Everyone has gone through adolescence, it’s a complicated time.  It appears to be similar in The Adventures of Tom Sawyer by Mark Twain. However much a troublemaker that he is,Tom Sawyer is also going through adolescence. Because he seems to be “chasing” Becky, not saying that it’s a serious thing, it’s as stupid and awkward as a middle school dance. But that’s what is a  prominent amount theme in this book, because even though we’re separated by 170 years, things are still nearly the same, schools are much stricter, with Tom and other children getting smacked and the like. Church is also ten times worse, because it’s two hours of Sunday school, then four of worship. But one thing is  still the same, and that is the way the children, including Tom  act. Especially when he first properly introduced himself to Becky at school, already seemingly infatuated with her:

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Tom Sawyer Metacognition

The Worlds First conman 

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Ah, If only he could die temporarily.”

-Mark Twain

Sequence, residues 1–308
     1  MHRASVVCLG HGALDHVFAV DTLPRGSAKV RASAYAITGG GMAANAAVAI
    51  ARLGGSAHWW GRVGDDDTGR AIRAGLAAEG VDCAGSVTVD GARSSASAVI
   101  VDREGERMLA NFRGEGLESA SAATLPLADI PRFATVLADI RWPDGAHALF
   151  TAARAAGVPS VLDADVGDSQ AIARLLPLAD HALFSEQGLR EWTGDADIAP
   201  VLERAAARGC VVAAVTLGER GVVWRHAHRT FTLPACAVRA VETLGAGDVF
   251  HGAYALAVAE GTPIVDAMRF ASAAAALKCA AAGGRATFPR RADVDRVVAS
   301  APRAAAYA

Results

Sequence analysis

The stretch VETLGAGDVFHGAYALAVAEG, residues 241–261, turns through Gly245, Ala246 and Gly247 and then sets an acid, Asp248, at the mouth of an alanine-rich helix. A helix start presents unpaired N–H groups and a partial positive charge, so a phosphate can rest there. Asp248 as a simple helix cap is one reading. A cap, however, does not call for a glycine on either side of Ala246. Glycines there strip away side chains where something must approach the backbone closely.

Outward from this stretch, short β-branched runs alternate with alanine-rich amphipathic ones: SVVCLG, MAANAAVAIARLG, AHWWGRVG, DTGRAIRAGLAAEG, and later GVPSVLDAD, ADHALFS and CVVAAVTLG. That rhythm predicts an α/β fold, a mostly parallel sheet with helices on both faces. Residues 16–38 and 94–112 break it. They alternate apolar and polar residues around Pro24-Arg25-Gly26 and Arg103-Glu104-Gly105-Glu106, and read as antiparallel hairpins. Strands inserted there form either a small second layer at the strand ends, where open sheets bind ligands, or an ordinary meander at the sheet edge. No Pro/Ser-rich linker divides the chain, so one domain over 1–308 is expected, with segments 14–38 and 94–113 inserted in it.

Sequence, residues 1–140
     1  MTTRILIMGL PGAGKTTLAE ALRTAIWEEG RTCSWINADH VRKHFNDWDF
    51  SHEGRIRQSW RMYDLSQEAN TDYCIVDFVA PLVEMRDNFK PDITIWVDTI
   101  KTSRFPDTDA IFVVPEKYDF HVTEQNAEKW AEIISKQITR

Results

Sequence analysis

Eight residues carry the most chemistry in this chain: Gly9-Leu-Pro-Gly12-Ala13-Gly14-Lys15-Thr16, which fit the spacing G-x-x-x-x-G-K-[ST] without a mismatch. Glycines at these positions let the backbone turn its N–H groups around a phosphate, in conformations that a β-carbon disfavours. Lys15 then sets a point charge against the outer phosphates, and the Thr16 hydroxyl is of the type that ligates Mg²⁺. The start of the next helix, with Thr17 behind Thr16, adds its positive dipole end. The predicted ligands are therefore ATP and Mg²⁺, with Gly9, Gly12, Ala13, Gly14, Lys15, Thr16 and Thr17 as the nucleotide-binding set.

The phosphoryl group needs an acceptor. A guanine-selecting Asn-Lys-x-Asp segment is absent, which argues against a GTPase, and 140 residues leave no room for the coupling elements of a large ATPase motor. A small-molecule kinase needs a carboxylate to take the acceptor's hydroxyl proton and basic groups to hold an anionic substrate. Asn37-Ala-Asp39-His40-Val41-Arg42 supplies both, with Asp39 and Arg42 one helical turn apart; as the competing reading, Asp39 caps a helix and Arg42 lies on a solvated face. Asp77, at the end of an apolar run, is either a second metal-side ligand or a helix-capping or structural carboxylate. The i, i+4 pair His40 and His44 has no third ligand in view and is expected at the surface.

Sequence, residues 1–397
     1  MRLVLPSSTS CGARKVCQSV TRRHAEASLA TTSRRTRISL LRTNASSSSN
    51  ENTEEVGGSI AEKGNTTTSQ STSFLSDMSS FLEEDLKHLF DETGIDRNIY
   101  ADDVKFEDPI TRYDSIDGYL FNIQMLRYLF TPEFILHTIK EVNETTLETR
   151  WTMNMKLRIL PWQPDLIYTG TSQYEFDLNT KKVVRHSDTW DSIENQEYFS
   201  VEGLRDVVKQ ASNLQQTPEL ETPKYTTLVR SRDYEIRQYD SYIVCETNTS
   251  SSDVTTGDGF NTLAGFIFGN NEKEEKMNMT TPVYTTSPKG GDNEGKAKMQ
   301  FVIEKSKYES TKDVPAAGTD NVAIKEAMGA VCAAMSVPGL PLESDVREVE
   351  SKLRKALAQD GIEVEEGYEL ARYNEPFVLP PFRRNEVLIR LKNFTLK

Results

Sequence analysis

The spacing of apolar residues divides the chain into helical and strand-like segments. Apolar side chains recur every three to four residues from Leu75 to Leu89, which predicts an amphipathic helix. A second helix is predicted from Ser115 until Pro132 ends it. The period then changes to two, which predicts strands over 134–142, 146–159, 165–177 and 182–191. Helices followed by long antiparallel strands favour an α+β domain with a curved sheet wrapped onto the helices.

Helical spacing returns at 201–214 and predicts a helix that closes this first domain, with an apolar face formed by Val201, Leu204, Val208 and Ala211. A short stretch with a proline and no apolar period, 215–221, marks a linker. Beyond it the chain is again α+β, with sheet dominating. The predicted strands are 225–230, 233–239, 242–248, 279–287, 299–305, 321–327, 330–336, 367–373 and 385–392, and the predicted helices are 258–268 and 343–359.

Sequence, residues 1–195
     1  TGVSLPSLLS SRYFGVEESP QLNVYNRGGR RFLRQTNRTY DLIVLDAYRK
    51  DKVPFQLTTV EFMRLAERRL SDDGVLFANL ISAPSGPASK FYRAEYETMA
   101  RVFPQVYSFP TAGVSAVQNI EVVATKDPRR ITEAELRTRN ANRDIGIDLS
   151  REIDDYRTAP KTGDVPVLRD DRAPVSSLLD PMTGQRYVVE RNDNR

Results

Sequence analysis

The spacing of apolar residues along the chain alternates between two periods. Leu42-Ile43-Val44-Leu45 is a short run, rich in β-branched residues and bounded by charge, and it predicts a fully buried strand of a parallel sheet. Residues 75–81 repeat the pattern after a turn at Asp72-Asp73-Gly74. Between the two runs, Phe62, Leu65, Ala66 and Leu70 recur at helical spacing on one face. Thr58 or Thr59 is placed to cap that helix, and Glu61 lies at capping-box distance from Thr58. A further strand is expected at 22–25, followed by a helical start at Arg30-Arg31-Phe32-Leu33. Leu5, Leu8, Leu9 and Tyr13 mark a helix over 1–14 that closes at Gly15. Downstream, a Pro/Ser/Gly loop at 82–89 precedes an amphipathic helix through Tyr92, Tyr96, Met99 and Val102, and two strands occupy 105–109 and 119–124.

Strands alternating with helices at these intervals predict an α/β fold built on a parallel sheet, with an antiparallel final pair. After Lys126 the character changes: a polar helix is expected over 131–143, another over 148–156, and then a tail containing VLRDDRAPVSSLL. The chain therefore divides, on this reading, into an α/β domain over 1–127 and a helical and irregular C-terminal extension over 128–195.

Tom Sawyer, we all of some “Tom Sawyer” inside of us. If you’ve ever done something mischievous, then that is the Tom Sawyer in you. I personally have less Tom Sawyer in me than most, but that doesn’t mean that I’ve not every stolen food from the kitchen, or stayed up until 4AM on a Friday night on YouTube. But I’ve already gone over these. Tom Sawyer is me multiplied by ten. He always finds a way to get into trouble, even if he’s deliberately trying to be good. WE all know that kid that Misbehaves a bunch in class. Tom is probably the biggest troublemaker for miles around, you see, Tom Sawyer is not only a troublemaker, but also a conman. He made every boy in town whitewash the fence, and he got so many doo-dads and junk. He was the “wealthiest” boy in town. He ended up trading all the stuff he got for tickets, which he exchanged for a bible, although he messed up on the one fairly simple question he was asked. (I don’t know the twelve disciples) He’s a smart troublemaker, and that ages him the worst kind of kid to deal with. Or rather child as they were called back then. He has frenemies, who he fights on the weekends and is best friends with the rest of the time (Huck Finn and Joe Harper)